7. 7. Peatland mapping and inventory overlaid with land-use Stock taking of existing programs, policy and activities related to peatland and their objectives Agree on party responsible for restoration based on land-use mapping, peatland degradation maps and existing management units Establish necessary arrangement with the responsible parties, including at least feasibility study, cost analysis, design and construction, detailed map, community engagement Supervision and facilitation of Restoration implementations by: Concession holder (agro-industry and pulp & paper plantations, or logging) Local Community and NGOs/CSOs Provincial Government (Forest Management Unit or other) Technical Implementing Unit of National Government Strengthening policy and providing data/information/TA or restoration guidelines at national and provincial level Restoration Implementation Plan and arrangement
  8. 8. 8 INDICATIVE RESTORATION PRIORITY MAP OF RIAU PROVINCE Burnt peatland areas Peat domes with canals Intact peatland areas Shallow-peatland available for production areas
  9. 9. 9 Nine responsible entities for restoration implementation in the District of Indragiri Hilir: • District Government of Indragiri Hilir, • KPHP UNIT XXIX Riau, • CV. Nirmala, • Koperasi Berkat Mumpa Bersatu, • PT. Kokonako Indonesia, • PT. Surya Keritang Perkasa, • PT. Bina Duta Laksana, • PT. Mutiara Sabuk Khatulistiwa, and • PT. Sumatera Riang Lestari); 1 UPRG di Kabupaten Pelalawan (BBKSDA Riau) Annual Implementation Plan 2018 KHG Sungai Gaung – Sungai Batangtuaka 14 responsible entities for restoration implementation in the District of Indragiri Hulu: • District Government of Indragiri Hulu, • KPHP UNIT XXIX Riau, • BBKSDA Riau, • CV Nirmala, • PT. Gandaerah Hendana, • PT. Perkebunan II (S. Air Bayas), • PT. Surya Buana Bersama, • PT Merbau Pelalawan Lestari, • PT. MiitraKembangSelaras, • PT. Mutiara Sabuk Khatulistiwa, • PT. Sumatera Riang Lestari, • PT. Tesso Indah, • PT. Agra Cahaya Keumala, dan • PT. Tani Subur Makmur;  Rewetting over-drain peat • Pumping of ground water and water collector ponds 1.076 unit (3,400 ha) • Canal blocking 1,518 units (814 unit CBs on primary canals and 704 unit CBs on Secondary and Tertiary canals).  Revegetation • Natural succession 5,635 ha. • Enrichment planting 3,686 ha. • Artificial revegetation on bare-land 3,521 ha.  Community development and socio-economic revitalization • At 56 villages
  10. 10. Monitoring is critical to follow up progress of peatland restoration efforts, communicate on the results and report at national/regional, local and international levels. PRIMS is developed to support complex restoration process, provide overview to a wide range of key organisations partnering through the collaborative efforts. This PRIMS includes the development of an interactive knowledge platform and a community of practice for data sharing. Developing Peatland Restoration Information and Monitoring Systems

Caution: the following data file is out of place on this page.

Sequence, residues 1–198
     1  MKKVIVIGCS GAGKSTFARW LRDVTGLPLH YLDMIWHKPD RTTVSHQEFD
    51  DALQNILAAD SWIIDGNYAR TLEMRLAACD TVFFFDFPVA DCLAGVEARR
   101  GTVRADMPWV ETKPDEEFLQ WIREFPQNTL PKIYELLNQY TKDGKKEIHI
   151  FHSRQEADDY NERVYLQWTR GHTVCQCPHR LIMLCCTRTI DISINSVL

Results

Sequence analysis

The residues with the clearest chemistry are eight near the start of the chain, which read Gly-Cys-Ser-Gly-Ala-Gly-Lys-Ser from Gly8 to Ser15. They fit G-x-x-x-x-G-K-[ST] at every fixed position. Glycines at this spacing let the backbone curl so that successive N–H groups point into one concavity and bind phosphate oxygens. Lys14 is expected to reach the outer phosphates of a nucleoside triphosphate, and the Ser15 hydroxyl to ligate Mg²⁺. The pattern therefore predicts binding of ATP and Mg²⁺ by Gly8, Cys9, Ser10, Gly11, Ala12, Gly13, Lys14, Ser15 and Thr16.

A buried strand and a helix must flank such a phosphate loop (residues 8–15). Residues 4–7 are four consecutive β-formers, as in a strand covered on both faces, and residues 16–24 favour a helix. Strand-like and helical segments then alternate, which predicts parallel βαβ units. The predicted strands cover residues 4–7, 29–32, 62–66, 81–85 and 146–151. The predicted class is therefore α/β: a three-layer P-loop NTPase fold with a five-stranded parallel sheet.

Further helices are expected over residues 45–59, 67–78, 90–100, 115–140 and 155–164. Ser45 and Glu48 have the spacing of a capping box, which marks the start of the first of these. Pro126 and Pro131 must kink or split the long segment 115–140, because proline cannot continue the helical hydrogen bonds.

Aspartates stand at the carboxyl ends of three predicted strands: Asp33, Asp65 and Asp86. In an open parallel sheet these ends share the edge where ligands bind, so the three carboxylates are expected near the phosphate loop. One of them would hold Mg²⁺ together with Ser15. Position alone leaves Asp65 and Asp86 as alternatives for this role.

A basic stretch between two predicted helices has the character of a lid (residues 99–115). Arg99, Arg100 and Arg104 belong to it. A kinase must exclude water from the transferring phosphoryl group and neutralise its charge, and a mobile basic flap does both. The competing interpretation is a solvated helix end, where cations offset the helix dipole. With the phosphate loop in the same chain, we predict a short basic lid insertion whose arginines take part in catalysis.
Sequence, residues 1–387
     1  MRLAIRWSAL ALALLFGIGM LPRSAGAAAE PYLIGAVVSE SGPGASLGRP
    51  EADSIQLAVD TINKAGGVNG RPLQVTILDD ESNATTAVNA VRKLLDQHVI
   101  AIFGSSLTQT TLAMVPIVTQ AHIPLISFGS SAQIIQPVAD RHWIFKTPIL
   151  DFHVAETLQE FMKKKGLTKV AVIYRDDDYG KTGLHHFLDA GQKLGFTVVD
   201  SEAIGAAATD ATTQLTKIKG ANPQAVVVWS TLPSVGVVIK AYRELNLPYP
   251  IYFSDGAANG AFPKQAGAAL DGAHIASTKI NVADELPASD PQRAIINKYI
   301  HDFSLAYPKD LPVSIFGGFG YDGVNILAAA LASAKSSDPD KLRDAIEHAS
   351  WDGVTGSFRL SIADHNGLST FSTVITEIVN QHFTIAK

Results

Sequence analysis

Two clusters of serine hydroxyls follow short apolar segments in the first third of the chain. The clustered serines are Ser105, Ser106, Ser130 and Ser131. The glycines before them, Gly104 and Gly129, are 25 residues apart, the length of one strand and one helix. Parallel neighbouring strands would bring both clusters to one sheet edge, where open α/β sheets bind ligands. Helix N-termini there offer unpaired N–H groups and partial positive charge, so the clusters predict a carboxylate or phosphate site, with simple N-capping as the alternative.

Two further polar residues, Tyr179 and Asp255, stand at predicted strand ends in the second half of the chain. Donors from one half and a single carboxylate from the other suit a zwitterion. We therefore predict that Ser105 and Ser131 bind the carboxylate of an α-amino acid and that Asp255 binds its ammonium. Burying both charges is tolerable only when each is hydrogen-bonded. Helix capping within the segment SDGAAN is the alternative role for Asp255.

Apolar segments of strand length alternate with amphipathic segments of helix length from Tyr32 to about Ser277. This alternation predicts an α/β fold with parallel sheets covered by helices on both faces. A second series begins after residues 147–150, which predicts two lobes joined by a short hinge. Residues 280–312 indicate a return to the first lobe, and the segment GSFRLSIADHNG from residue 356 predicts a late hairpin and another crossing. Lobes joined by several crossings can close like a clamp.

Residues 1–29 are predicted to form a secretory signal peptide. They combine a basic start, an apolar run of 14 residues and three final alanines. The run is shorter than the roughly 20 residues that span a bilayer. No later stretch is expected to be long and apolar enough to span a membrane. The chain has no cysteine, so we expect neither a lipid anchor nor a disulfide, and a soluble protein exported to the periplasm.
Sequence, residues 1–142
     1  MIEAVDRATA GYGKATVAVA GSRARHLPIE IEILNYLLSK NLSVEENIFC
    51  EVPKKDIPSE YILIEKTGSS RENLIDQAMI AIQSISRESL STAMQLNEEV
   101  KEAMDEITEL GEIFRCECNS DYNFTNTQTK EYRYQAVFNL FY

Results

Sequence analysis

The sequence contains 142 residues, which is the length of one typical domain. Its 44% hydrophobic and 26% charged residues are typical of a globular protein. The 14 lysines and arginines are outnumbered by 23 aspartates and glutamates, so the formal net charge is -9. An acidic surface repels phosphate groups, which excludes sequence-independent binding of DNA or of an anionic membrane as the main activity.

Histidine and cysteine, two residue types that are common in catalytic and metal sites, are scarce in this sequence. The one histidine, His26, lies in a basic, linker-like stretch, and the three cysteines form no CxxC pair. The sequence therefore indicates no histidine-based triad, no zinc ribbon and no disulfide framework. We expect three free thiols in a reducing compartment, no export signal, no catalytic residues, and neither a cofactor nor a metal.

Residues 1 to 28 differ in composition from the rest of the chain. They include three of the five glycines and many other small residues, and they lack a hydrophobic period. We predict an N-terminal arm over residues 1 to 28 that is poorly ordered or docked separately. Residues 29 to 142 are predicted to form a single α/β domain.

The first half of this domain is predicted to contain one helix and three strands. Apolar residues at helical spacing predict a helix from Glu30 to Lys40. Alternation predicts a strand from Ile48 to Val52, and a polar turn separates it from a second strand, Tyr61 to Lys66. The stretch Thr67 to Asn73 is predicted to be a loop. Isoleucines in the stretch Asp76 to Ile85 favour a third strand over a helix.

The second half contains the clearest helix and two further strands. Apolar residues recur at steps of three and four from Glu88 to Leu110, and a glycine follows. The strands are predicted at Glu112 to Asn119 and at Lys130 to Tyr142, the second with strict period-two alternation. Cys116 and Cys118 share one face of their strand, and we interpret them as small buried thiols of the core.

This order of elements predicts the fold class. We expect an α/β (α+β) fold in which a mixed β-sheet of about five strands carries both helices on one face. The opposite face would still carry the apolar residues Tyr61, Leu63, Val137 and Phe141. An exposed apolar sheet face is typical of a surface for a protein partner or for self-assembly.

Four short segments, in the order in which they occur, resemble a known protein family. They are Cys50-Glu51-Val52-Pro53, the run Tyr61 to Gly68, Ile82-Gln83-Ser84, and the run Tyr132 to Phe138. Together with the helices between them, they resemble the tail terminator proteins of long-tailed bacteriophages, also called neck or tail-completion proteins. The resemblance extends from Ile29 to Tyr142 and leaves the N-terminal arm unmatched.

11. 11. The purpose • Communicate results and outcomes to encourage positive momentum, inspire replication, and allow for transferable results; • Guide and support implementation of restoration and provide feedback, including continuous and collective learning for adaptive management; • Ensure transparency and provide evidence of progress, achievements, and impact in relation to specific goals and objectives, including periodic assessments of who benefits and how from restoration interventions (future pay for performance); • Support sharing of evidence to restoration partners to enhance trust and foster additional investments and scaling up; and • Support robust monitoring of the restoration impacts, and regular reporting on progress in achieving national, regional, and international commitments.
  12. 12. WHY RESTORATION MONITORING PLATFORM ? MULTIPLE USERS AND ACTORS • Government, private sectors, development partners, local CSOs, local community • Needs for data sharing from regional to central government, accessibility for multiple users, data standardization • Feedback system (+evaluation) for policy formulation and institutionalize MULTIPLE RESTORATION INTERVENTIONS • Bio-physical, socio-economic, community preparedness • To monitor restoration implementation progress and performance LARGE AREAS Peatland extend of more than 20 million ha, spread over 17 provinces Restoration target areas of 2.5 million hectares in 7 provinces RESTORATION IMPACTS MONITORING AND EMISSION CALCULATION • Needs to identify restoration impacts to ecosystem • Needs to calculate avoided emissions due to restoration implementation (future development, at research stage) © Peatland Restoration Agency – 2018 Why Restoration Monitoring Platform ?
  13. 13. © Peatland Restoration Agency – 2018 What PRIMS’ key features RESTORATION ACTIVITIES Monitors Restoration progress and rewetting, revegetation, revitalization and preparedness PEAT DEGRADATION INDICATION Monitoring hotspots and identify locations of deforestation in peat forest PLUG AND PLAY DATA ON- BOARDING High compatibility for on-boarding data and services via web API PEAT EMISSION MONITORING Calculation and monitoring of avoided peat emission due to restoration INTERNAL DATABASE AND DATA SHARING Accessibility for multiple users, data sharing regional to central, and data standardization RESTORATION IMPACTS Restoration implementation progress monitoring in relation to peat wetness and ground water level PRIMS
  14. 14. Danke Budi S Wardhana Deputy Head of BRG for Planning and Cooperation